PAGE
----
1. If the motor carrier has had at least three roadside inspections in the twelve months before the safety audit, and the vehicle OOS rate is 34 percent or higher, one point will be assessed against the carrier. That point will be added to any other points assessed for discovered noncompliance with acute and critical regulations of part 396
to determine the carrier's level of safety management control for that factor; and
2. If the motor carrier's vehicle OOS rate is less than 34 percent, or if there are less than three inspections, the determination of the carrier's level of safety management controls will only be based on discovered noncompliance with the acute and critical regulations of part 396
(b) Over two million inspections occur on the roadside each year. This vehicle inspection information is retained in the MCMIS and is integral to evaluating motor carriers' ability to successfully maintain their vehicles, thus preventing them from being placed OOS during roadside inspections. Each safety audit will continue to have the requirements of part 396
, Inspection, Repair, and Maintenance, reviewed as indicated by the above explanation.
B. The Accident Factor
(a) In addition to the five regulatory factors, a sixth factor is included in the process to address the accident history of the motor carrier. This factor is the recordable accident rate, which the carrier has experienced during the past 12 months. Recordable accident, as defined in 49 CFR 390.5
, means an accident involving a commercial motor vehicle operating on a public road in interstate or intrastate commerce which results in a fatality; a bodily injury to a person who, as a result of the injury, immediately receives medical treatment away from the scene of the accident; or one or more motor vehicles incurring disabling damage as a result of the accident requiring the motor vehicle to be transported away from the scene by a tow truck or other motor vehicle.
(b) Experience has shown that urban carriers, those motor carriers operating entirely within a radius of less than 100 air miles (normally urban areas), have a higher exposure to accident situations because of their environment and normally have higher accident rates.
(c) The recordable accident rate will be used in determining the carrier's basic safety management controls in Factor 6, Accident. It will be used only when a carrier incurs two or more recordable accidents within the 12 months before the safety audit. An urban carrier (a carrier operating entirely within a radius of 100 air miles) with a recordable rate per million miles greater than 1.7 will be deemed to have inadequate basic safety management controls for the accident factor. All other carriers with a recordable accident rate per million miles greater than 1.5 will be deemed to have inadequate basic safety management controls for the accident factor. The rates are the result of roughly doubling the national average accident rate in Fiscal Years 1994, 1995, and 1996.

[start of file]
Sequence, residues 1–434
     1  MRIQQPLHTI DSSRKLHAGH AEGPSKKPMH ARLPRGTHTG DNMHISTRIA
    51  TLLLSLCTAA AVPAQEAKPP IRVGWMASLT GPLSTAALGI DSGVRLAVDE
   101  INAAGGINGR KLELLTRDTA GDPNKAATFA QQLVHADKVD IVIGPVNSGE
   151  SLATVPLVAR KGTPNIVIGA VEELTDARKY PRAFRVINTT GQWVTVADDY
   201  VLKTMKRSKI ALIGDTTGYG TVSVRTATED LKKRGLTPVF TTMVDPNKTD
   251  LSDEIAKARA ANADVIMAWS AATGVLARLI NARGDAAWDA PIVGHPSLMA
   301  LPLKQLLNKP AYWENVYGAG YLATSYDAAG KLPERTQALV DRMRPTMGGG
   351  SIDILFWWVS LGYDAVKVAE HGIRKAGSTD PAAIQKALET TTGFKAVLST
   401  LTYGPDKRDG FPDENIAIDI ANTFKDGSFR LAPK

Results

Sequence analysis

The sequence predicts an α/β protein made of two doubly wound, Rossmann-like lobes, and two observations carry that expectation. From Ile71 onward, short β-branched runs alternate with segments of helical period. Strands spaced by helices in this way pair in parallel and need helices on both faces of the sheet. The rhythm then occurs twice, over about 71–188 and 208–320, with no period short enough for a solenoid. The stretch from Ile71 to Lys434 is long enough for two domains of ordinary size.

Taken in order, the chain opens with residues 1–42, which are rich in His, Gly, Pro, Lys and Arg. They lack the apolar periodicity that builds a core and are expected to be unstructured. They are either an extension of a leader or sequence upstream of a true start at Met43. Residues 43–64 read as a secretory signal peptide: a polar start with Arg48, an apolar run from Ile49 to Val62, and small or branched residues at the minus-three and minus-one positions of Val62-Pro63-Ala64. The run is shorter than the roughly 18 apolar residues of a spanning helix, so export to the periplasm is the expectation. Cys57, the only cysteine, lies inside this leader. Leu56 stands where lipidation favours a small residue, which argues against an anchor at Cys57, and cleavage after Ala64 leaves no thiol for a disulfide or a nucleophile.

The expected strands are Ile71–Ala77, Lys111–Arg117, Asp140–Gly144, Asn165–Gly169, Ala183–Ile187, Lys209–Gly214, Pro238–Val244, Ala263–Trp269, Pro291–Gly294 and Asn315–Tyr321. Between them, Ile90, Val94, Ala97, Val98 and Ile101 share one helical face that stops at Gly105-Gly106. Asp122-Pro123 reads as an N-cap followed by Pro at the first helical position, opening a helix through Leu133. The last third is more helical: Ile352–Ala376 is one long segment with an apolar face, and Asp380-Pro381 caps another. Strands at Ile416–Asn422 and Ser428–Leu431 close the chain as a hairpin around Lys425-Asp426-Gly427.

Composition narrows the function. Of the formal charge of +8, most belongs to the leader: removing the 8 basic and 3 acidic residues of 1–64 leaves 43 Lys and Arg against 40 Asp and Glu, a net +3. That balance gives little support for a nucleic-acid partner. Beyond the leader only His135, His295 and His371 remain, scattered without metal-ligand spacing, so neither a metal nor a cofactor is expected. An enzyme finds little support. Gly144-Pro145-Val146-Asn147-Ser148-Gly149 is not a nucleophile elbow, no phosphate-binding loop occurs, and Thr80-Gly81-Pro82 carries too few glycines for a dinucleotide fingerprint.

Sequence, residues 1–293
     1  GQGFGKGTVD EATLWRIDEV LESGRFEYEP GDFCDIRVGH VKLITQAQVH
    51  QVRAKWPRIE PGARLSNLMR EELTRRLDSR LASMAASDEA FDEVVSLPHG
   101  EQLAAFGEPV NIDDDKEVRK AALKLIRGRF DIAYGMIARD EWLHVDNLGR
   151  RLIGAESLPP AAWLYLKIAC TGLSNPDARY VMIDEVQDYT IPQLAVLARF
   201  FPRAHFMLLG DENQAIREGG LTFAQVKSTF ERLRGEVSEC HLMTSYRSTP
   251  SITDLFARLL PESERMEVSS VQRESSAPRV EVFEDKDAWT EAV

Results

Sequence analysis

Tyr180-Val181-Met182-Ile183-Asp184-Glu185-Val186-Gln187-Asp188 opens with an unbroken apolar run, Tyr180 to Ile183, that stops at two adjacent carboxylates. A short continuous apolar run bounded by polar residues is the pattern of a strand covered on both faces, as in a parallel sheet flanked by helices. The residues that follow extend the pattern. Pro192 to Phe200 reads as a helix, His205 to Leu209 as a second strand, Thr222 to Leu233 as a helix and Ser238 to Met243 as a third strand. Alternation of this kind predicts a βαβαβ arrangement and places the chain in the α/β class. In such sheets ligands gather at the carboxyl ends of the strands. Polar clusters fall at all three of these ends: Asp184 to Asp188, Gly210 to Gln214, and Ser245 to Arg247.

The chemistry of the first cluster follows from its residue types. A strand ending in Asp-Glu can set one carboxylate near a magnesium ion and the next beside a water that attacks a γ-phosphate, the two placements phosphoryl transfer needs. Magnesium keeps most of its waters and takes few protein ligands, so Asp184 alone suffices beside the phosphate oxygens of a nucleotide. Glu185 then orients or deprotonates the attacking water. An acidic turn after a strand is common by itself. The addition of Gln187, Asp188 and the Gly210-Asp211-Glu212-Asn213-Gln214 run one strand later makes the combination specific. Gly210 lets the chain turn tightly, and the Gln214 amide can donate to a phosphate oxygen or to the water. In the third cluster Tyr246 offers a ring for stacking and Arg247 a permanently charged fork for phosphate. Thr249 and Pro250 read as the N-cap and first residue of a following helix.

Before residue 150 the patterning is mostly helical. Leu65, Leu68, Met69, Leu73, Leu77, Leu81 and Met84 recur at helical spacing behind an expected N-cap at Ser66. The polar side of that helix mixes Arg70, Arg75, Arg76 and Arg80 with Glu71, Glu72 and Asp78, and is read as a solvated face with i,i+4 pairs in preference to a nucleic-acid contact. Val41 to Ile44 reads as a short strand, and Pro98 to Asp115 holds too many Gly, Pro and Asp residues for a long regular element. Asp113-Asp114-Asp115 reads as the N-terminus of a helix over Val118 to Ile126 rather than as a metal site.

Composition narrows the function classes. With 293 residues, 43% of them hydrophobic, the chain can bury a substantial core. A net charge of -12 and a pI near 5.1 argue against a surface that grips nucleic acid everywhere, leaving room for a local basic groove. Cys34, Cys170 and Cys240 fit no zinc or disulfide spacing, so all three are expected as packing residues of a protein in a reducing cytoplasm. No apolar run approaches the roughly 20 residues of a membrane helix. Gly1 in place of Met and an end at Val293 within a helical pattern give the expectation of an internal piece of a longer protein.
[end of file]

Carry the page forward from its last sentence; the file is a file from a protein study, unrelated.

(d) The FMCSA will continue to consider preventability when a new entrant contests the evaluation of the accident factor by presenting compelling evidence that the recordable rate is not a fair means of evaluating its accident factor. Preventability will be determined according to the following standard: “If a driver, who exercises normal judgment and foresight, could have foreseen the possibility of the accident that in fact occurred, and avoided it by taking steps within his/her control which would not have risked causing another kind of mishap, the accident was preventable.”
C. Factor Ratings
For Factors 1 through 5, if the combined violations of acute and or critical regulations for each factor is equal to three or more points, the carrier is determined not to have basic safety management controls for that individual factor.
If the recordable accident rate is greater than 1.7 recordable accidents per million miles for an urban carrier (1.5 for all other carriers), the carrier is determined to have inadequate basic safety management controls.
IV. Overall Determination of the Carrier's Basic Safety Management Controls
(a) If the carrier is evaluated as having inadequate basic safety management controls in at least three separate factors, the carrier will be considered to have inadequate safety management controls in place and corrective action will be necessary in order to avoid having its new entrant registration, provisional operating authority, or provisional Certificate of Registration revoked.
(b)For example, FMCSA evaluates a carrier finding:
(1) One instance of noncompliance with a critical regulation in part 387
scoring one point for Factor 1;
(2) Two instances of noncompliance with acute regulations in part 382
scoring three points for Factor 2;
(3) Three instances of noncompliance with critical regulations in part 396
scoring three points for Factor 4; and
(4) Three instances of noncompliance with acute regulations in parts 171
scoring four and one-half (4.5) points for Factor 5.
(c) In this example, the carrier scored three or more points for Factors 2, 4 and 5 and FMCSA determined the carrier had inadequate basic safety management controls in at least three separate factors. FMCSA will require corrective action in order to avoid having the carrier's new entrant registration revoked, or having the provisional operating authority or provisional Certificate of Registration suspended and possibly revoked.